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"No one is pro-abortion," says Senator Obama. And the viewers agree.

Senator Barack Obama broke a curse in Wednesday night's debate that had vexed both John Kerry and Al Gore in the two previous presidential elections. Conservative tacticians had tried to sully these earlier Democratic candidates with the "pro-abortion" label in an attempt to drive down their likeability to the voters. In this election the conservatives trotted out their abortion shotgun and started firing it like never before in an attempt to similarly paint Senator Obama as someone who good, church-going people couldn't vote for. Senator John McCain jumped on the bandwagon Wednesday night, referring twice to the "pro-abortion movement in America," and then indicating that women's health concerns related to abortion represented the "extreme pro-abortion position."

But a funny thing happened on Long Island: the voters could see past Senator McCain's insults to recognize the sincerity and the authenticity with which Senator Obama spoke about the issue. By 48 points, viewers said Senator Obama was more likeable than his rival. 80% said Senator McCain spent more time attacking his opponent, with 7% saying it was the Democrat. 54% said McCain seemed more like a typical politician during the debate, combared with 35% for Obama.

Perhaps it was because groups like the Catholic Democrats have been making the case that Democratic efforts to reduce abortion through constructive measures are more consonant with the Gospel of Life, than are the usual combative criminalization rhetoric from the Right. Or perhaps it is because both Senators Obama and Biden have been effectively making the case that they have a new strategy for solving the abortion problem in America.

"No one is pro-abortion. I think it's always a tragic situation," said Senator Obama. He acknowledged a role for the law in dealing with abortion, saying, "I am completely supportive of a ban on late-term abortions, partial-birth or otherwise, as long as there's an exception for the mother's health and life."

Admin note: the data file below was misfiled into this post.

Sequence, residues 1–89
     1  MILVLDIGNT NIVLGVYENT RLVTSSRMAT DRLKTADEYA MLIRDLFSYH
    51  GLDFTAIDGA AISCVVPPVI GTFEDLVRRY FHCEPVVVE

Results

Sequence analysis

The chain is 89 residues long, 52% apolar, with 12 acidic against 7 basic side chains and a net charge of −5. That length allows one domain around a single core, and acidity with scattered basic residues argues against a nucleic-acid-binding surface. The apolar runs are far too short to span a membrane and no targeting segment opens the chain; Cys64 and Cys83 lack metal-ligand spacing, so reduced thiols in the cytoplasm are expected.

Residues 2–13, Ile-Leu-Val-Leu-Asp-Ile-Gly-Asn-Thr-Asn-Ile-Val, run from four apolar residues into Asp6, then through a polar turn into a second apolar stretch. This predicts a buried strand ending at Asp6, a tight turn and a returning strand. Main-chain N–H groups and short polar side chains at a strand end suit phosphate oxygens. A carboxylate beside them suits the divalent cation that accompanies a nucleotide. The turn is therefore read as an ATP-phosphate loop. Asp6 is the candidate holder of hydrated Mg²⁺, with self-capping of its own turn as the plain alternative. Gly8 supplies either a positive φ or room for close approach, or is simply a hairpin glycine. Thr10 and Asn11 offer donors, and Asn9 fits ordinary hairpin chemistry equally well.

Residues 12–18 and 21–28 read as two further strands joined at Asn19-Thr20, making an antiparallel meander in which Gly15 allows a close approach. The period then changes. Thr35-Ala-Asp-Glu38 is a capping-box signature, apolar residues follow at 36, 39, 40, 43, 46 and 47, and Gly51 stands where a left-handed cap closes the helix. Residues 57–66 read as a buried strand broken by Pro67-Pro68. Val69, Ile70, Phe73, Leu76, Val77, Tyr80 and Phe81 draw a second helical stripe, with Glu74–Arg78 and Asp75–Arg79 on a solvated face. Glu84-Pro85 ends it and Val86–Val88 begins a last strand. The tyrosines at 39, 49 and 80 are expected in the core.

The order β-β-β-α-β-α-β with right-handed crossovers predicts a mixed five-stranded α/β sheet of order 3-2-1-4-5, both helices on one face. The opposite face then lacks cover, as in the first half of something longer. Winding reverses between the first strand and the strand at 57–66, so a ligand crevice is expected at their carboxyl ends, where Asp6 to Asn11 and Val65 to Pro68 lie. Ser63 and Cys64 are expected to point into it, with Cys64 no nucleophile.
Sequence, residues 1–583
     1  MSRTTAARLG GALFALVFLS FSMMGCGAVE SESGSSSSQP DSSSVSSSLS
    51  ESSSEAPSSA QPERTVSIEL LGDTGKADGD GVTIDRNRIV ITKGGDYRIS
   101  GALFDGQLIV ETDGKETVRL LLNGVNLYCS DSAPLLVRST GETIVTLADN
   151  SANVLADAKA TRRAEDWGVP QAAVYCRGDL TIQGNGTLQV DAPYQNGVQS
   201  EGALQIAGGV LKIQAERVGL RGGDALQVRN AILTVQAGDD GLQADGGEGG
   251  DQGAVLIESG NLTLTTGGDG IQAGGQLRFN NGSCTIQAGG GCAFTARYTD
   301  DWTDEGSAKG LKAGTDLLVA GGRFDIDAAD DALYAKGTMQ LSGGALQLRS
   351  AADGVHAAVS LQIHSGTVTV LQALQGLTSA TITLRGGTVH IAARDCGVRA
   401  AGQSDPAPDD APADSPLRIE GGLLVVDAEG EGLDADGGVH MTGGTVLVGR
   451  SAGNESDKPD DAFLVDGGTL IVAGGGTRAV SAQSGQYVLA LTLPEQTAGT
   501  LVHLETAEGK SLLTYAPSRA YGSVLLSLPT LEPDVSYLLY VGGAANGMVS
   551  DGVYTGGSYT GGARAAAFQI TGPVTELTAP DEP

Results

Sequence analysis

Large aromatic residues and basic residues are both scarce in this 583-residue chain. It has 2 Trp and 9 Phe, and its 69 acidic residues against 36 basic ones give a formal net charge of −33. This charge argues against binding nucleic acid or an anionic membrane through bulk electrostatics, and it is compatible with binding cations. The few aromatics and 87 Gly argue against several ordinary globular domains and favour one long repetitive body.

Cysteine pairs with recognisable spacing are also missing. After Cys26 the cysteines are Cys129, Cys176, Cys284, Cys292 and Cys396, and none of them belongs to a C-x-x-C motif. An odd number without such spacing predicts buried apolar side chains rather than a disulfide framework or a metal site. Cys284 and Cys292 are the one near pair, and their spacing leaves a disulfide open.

He went on to describe his attempts in the Illinois Senate to write into the partial birth abortion legislation new language that would protect the health of women, and alluded to the politics of the Right that precludes creating common ground on this issue. He referred to the importance of educating young people about these issues, and said we should help them to appreciate that "sexuality is sacred." He spoke of supporting adoption, and helping single mothers. Then added, "Those are all things that we put in the Democratic platform for the first time this year."

"I think that's where we can find some common ground," he concluded, and the viewers agreed.

Tuesday, March 28, 2017

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"Today I say to you that the challenges we face are real. They are serious and they are many. They will not be met easily or in a short span of time. But know this, America: They will be met.

"On this day, we gather because we have chosen hope over fear, unity of purpose over conflict and discord.

"On this day, we come to proclaim an end to the petty grievances and false promises, the recriminations and worn-out dogmas, that for far too long have strangled our politics."

First Inaugural Address, President Barack Obama



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